The American Journal of Education, Volume 22

Capa
Henry Barnard
F.C. Brownell, 1871
 

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Página 187 - But to return to our own institute: besides these constant exercises at home there is another opportunity of gaining experience to be won from pleasure itself abroad; in those vernal seasons of the year when the air is calm and pleasant, it were an injury and sullenness against nature not to go out and see her riches and partake in her rejoicing with heaven and earth.
Página 180 - And though a linguist should pride himself to have all the tongues that Babel cleft the world into, yet if he have not studied the solid things in them as well as the words and lexicons, he were nothing so much to be esteemed a learned man, as any yeoman or tradesman competently wise in his mother dialect only.
Página 35 - British empire, a public institution for diffusing the knowledge and facilitating the general introduction of useful mechanical inventions and improvements, and for teaching, by courses of philosophical lectures and experiments, the application of science to the common purposes of life.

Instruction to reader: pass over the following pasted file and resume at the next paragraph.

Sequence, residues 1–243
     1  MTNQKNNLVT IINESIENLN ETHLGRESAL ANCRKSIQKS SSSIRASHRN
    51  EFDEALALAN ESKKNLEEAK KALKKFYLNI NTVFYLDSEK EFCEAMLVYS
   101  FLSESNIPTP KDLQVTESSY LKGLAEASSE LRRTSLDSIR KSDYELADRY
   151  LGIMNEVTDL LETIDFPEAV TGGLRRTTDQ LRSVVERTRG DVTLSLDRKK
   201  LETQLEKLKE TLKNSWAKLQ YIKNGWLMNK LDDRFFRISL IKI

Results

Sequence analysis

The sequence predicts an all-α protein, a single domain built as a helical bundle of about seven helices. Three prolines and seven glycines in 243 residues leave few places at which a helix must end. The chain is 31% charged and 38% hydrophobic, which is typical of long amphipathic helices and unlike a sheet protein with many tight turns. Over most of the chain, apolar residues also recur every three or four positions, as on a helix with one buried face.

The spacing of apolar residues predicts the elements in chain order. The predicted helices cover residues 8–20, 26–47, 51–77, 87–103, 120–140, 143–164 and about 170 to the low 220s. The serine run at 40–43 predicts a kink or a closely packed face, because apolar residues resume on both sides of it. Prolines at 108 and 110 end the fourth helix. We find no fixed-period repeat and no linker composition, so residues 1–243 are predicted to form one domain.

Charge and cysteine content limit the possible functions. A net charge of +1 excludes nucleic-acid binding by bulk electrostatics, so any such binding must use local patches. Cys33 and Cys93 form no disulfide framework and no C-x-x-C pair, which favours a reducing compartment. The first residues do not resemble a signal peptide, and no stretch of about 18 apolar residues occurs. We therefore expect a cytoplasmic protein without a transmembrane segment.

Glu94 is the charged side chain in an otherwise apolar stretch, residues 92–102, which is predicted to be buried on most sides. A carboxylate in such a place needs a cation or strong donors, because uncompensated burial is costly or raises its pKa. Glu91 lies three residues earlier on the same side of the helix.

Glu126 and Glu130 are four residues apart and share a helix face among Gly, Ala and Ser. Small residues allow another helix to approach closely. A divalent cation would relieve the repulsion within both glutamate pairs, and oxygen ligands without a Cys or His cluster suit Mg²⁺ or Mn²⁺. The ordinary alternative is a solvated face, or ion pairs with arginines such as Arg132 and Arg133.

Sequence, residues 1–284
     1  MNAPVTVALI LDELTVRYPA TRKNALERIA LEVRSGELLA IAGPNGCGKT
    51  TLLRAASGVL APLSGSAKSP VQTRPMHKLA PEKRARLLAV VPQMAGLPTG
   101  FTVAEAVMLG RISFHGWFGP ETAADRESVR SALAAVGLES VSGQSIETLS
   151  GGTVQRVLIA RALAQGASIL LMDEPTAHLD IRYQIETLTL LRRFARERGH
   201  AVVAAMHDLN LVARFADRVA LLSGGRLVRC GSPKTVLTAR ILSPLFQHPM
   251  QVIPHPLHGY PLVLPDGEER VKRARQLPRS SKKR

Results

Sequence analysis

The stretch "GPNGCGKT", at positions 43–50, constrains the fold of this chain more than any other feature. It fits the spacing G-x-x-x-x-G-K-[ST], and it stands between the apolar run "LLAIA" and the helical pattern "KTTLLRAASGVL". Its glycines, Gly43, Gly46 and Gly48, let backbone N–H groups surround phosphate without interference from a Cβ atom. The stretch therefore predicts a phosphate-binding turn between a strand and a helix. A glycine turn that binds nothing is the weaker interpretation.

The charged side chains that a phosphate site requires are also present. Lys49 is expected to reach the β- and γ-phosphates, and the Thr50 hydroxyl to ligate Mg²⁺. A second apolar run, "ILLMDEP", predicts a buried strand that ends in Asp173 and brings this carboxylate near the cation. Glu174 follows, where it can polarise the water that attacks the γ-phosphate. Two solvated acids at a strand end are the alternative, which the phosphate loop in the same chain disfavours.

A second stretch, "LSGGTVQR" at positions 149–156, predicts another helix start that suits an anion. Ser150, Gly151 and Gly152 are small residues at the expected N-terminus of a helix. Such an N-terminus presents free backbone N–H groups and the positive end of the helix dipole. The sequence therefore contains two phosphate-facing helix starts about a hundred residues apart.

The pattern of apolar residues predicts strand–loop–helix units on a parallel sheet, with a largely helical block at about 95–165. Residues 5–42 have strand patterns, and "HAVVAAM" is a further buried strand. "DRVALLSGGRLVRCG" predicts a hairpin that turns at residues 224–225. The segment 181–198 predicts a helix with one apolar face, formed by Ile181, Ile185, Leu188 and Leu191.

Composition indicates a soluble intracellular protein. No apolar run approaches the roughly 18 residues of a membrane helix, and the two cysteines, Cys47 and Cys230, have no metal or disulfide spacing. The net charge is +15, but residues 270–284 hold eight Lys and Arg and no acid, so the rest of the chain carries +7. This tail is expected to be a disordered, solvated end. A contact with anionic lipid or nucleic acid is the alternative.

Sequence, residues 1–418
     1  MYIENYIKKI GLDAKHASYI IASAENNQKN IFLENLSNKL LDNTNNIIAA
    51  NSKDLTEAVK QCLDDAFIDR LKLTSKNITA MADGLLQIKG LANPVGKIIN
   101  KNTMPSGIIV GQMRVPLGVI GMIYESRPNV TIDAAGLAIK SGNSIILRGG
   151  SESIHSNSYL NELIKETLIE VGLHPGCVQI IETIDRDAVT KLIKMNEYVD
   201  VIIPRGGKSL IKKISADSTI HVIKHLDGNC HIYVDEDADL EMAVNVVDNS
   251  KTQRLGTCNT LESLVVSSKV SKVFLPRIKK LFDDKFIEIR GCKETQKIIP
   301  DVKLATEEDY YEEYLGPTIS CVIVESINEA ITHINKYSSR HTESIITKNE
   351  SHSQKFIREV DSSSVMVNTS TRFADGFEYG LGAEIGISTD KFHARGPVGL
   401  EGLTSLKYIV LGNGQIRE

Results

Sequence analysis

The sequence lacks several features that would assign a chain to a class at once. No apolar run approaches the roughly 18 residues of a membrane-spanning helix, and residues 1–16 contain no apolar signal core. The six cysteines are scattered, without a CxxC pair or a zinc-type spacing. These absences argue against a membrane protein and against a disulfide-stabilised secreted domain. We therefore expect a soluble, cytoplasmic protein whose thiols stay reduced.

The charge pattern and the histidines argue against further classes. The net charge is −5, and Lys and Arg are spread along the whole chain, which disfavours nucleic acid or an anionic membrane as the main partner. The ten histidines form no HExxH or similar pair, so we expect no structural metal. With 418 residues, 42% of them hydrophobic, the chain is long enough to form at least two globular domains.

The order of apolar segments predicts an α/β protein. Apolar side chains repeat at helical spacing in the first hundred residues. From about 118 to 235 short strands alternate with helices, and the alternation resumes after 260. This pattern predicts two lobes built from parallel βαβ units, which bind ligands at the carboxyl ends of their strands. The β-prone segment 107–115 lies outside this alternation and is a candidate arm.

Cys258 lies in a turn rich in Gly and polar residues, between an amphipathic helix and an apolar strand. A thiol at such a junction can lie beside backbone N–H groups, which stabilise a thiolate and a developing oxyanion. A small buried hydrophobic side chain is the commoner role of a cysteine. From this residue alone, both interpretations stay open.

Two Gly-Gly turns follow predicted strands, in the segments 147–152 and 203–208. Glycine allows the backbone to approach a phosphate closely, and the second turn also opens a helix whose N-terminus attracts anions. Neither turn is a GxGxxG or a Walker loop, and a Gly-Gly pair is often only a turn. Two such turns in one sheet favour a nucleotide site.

Página 187 - The interim of unsweating themselves regularly, and convenient rest before meat, may, both with profit and delight, be taken up in recreating and composing their travailed...
Página 180 - And that which casts our proficiency therein so much behind, is our time lost, partly in too oft idle vacancies given both to schools and universities, partly in a preposterous exaction, forcing the empty wits of children to compose themes, verses, and orations, which are the acts of ripest judgment, and the final work of a head well filled by long reading, and observing with elegant maxims and copious invention.
Página 182 - I shall detain you now no longer in the demonstration of what we should not do, but straight conduct you to a- hillside, where I will point you out the right path of a virtuous and noble education; laborious indeed at the first ascent, but else so smooth, so green, so full of goodly prospect, and melodious sounds on every side, that the harp of Orpheus was not more charming.
Página 182 - ... that asinine feast of sowthistles and brambles which is commonly set before them as all the food and entertainment of their tenderest and most docible age.
Página 770 - Not as Cain, who was of that wicked one, and slew his brother. And wherefore slew he him? Because his own works were evil, and his brother's righteous.
Página 186 - From hence, and not till now, will be the right season of forming them to be able writers and composers in every excellent matter, when they shall be thus fraught with an universal insight into things: or whether they be to speak in parliament or council, honor and attention would be waiting on their lips.
Página 180 - The end then of learning is, to repair the ruins of our first parents by regaining to know God aright...

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